Importing furniture models from SketchUp to Blender

Here in Blender 3D Architect, we are always looking for ways to expand our potential resources for architectural visualization. As part of that expansion, we have to look to other tools widely used for architectural modeling.

There is one source of 3d models that could provide you with a vast collection of additional furniture models for Blender. That resource comes from a well-known software among architects. I'm talking about SketchUp.

Do you know that it is possible to import 3d furniture from SketchUp to Blender directly? You just need an Add-on that can read the SKP file format. The Add-on is a project from Martijn Berger and is available from this link.

Here is a quick example of how you can get 3d furniture from SketchUp to Blender.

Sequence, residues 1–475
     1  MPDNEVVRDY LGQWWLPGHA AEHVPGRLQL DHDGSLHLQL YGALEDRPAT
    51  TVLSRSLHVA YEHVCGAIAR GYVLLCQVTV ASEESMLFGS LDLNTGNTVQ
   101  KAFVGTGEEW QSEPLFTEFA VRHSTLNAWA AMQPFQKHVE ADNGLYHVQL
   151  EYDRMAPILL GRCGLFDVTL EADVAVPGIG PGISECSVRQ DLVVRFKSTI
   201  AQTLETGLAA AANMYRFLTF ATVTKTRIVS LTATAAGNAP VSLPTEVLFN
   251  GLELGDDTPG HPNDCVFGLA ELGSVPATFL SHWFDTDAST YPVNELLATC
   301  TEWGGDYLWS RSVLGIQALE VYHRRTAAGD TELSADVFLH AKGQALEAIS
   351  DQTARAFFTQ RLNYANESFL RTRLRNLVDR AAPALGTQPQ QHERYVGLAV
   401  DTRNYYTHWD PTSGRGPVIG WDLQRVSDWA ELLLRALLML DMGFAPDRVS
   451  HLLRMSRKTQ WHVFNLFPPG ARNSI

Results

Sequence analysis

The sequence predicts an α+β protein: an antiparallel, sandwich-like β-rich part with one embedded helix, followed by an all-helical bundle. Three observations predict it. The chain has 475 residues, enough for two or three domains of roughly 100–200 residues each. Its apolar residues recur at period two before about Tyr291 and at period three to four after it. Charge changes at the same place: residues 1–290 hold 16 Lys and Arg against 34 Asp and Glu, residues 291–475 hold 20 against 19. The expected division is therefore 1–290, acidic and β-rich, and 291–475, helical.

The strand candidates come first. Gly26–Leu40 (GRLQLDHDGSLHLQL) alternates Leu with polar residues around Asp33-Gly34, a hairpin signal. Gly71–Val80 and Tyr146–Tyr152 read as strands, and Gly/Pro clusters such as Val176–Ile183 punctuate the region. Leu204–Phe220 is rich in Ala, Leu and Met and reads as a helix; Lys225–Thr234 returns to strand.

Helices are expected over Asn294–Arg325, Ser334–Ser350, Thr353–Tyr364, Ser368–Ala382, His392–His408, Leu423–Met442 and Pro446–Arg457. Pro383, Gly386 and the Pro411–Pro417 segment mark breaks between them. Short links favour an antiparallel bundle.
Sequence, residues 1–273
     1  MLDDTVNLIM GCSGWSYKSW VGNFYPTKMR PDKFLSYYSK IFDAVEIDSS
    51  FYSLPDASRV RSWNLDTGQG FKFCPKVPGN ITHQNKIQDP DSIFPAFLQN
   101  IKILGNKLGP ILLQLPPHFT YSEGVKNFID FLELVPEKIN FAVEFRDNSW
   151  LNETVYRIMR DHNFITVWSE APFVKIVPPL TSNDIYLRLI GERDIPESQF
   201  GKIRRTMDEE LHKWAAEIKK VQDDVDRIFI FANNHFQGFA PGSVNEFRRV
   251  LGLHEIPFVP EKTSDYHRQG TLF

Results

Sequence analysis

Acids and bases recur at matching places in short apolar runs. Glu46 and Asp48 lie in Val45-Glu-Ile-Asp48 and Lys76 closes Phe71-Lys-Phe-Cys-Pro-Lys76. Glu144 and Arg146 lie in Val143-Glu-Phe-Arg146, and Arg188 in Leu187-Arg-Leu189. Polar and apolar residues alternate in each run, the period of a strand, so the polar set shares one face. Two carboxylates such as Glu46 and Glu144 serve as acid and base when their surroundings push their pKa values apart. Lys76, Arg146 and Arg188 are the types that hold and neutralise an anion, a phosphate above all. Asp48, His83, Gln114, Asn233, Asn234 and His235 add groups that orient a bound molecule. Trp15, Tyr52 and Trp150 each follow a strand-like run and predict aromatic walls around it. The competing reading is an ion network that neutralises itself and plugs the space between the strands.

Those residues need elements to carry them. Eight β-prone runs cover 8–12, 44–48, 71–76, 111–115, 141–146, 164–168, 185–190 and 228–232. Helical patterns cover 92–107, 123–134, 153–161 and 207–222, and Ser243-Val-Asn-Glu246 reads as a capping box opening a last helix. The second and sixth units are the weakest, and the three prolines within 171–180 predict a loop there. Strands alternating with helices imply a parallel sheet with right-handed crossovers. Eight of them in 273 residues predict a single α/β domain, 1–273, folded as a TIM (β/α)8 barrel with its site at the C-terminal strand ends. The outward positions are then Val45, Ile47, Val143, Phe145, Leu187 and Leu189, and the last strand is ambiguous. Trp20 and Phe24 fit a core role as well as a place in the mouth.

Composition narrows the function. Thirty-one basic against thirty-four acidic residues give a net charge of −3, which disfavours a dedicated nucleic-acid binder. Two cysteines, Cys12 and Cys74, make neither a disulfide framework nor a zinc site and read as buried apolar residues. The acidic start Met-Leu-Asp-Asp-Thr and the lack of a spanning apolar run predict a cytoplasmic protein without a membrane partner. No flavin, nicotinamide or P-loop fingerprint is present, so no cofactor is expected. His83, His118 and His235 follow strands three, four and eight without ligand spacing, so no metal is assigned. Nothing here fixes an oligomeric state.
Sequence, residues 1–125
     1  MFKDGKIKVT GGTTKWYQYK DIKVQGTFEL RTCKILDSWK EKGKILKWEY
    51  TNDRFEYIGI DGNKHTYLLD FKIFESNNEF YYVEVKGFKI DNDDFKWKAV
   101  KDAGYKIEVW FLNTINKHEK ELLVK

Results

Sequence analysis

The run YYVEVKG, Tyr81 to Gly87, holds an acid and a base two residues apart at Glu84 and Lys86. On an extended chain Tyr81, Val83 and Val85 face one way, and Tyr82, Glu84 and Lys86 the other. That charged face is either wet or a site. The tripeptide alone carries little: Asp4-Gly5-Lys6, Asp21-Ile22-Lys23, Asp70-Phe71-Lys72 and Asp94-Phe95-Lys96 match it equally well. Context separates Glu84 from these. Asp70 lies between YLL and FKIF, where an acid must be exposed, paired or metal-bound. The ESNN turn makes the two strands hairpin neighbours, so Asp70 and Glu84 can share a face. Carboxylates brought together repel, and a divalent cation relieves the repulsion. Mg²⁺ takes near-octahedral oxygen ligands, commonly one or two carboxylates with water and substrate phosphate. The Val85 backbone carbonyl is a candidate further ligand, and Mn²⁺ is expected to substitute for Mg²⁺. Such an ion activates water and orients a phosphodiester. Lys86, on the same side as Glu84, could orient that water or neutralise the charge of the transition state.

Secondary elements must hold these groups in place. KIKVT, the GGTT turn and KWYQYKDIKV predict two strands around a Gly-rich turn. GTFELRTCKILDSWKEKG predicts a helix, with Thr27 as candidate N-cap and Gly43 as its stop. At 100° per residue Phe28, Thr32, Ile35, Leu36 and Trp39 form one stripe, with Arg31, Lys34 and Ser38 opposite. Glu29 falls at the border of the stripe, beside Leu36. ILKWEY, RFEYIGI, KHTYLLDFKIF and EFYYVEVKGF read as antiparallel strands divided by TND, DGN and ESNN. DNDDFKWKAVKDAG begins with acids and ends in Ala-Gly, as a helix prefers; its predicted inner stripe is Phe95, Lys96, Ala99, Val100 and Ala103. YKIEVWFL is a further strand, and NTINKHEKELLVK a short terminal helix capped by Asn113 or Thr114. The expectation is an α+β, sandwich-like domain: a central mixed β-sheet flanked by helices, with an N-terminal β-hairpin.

I have this simple dining table model in SketchUp.

To make it work with Blender and the Add-on you have to save it as SKP file from SketchUp 2016. The Add-on can't handle newer files from SketchUp 2017.

After you successfully install the Add-on to your Blender, a new option will appear in the import menu. Now, you can import SKP files!

And here is that same table model with all chairs in Blender. You can split and edit the model using Blenders native polygon model tools.

That opens a lot of possibilities not only for artists using Blender for architecture, which could use thousands of furniture models from SketchUp. But, also for SketchUp users.

Since the software doesn't have a realistic render engine, and very few of them are either free or open-source, Blender Cycles would fill that gap.

An artist that chooses to create 3d models in SketchUp could save the file in SKP and import the project to Blender. Add materials and textures and render the scene using Cycles.

Now, you have a new source of furniture models to use with Blender. Sometimes they might require a few adjustments, but it is an excellent way to increase your library.

If you are new to architecture modeling in Blender, take a look at our training about architectural modeling:

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